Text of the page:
Letter: Rules should apply when the wealthy few control the media

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Letter: Rules should apply when the wealthy few control the media Letter: Rules should apply when the wealthy few control the media To the editor:

When billionaires buy media outlets such as newspapers or news stations, they have the ability to control information, and influence public perceptions. The recent purchase of the Washington Post by Amazon billionaire Jeffrey P. Bezos, and the prior purchases of Fox News and the Wall Street Journal by ethically challenged and filthy rich Rupert Murdoch, booted out of the U.K for scandalous journalistic practices, are two prominent examples.

Might the potential to manipulate the public for personal gain become a serious threat, whether exercised or not, whenever a real or legal person (namely a corporation) squats atop the Fourth Estate?  Should “We the People” not be concerned when news could be slanted to say enhance the wealth of some insanely rich power broker and his cronies?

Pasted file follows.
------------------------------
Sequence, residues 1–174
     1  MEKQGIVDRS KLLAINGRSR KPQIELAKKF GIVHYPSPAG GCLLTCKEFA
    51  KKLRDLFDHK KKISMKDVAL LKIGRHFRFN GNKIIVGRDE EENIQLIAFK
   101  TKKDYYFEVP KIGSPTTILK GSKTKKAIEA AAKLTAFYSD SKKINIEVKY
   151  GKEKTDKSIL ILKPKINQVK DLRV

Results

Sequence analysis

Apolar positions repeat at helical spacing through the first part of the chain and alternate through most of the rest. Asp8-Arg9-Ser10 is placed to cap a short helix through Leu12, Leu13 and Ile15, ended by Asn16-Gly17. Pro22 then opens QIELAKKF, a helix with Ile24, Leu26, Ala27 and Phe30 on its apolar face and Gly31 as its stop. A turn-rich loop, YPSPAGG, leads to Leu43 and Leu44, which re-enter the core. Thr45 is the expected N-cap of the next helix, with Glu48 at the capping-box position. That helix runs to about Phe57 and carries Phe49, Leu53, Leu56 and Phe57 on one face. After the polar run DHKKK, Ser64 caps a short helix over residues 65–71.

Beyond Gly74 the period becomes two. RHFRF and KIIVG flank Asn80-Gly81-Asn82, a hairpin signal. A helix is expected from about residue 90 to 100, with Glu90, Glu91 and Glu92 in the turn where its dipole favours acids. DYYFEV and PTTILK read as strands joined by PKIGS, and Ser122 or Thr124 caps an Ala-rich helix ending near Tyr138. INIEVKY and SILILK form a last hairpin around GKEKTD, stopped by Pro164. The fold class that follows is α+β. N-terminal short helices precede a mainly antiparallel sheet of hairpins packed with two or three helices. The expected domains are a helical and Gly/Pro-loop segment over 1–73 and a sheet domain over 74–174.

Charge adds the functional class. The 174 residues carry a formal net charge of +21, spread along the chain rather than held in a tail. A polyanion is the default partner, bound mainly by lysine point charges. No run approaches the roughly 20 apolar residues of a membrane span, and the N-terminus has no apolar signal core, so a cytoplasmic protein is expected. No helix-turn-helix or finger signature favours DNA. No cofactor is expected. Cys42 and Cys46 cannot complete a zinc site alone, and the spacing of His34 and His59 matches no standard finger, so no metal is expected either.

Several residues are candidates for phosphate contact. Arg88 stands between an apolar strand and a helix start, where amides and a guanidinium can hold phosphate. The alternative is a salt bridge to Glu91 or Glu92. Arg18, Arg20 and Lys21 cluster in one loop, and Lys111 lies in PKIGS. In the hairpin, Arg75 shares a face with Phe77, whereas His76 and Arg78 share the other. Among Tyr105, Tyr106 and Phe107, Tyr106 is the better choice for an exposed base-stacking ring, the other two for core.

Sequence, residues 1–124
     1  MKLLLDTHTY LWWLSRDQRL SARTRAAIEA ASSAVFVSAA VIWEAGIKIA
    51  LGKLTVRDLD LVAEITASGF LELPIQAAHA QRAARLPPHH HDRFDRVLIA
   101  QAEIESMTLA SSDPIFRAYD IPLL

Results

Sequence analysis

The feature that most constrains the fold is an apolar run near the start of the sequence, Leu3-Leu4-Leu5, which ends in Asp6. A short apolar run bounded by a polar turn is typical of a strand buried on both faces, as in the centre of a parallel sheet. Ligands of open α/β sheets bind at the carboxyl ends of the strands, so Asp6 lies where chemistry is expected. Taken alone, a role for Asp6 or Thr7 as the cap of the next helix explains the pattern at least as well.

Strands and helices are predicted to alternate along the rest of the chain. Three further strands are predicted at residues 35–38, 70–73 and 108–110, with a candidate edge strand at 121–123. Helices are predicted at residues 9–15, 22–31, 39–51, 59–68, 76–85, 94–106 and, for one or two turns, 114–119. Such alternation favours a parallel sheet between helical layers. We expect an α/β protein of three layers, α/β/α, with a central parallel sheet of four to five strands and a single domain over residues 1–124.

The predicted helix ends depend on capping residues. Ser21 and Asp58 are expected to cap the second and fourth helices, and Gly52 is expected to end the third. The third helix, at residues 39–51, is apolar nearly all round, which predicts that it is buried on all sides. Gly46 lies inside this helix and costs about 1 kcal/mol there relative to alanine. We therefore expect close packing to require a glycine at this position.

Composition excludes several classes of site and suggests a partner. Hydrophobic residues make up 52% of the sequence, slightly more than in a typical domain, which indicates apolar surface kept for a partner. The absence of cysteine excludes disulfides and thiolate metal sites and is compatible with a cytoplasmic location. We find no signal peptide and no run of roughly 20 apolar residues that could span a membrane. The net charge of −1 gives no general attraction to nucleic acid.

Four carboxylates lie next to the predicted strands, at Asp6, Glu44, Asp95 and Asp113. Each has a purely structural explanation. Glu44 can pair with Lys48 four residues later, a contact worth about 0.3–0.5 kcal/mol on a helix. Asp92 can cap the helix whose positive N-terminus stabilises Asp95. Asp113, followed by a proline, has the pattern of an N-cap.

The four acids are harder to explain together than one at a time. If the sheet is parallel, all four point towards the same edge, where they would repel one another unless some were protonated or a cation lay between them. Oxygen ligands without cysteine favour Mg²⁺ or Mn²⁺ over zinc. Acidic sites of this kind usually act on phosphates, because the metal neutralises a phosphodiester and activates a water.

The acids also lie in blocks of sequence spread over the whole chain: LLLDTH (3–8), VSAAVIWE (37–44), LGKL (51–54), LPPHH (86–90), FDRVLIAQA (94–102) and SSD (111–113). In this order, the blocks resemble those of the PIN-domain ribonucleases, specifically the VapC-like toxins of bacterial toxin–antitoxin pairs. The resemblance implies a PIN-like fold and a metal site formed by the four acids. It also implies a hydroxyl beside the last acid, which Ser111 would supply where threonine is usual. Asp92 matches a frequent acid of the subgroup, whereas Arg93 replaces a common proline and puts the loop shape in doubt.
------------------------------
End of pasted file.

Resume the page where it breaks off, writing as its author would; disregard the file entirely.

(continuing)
The same truth in advertising rules ought to apply to manipulative media outlets.  Indeed, they should let their audiences know they are not objective sources of information. And spinning news like a frictionless gyroscope ought to engender substantial penalties by the FCC.  Chronic violators ought to lose their licenses to broadcast.

Propaganda indeed fills the popular airwaves worldwide allowing the wealthiest of the wealthy here and abroad, who in effect own those airwaves, to maintain or increase their ill gotten gains at the expense of everyone else.  These billionaire creeps pull the strings of their morally challenged henchmen squatting in the Hallowed Halls of America’s  Congress and elsewhere to do their bidding, and make sure their information filtration system remains intact.

Yet, the Internet, if not debauched or made inaccessible, may allow those who care to ferret out the truth, find ways to overcome the deceptive rhetoric that manipulates minds, ever increases the wealth gap between the few controllers of the popular message and their vast receptive audience. 

We will have to wait and see.  

Lawrence Uniglicht

Galloway 


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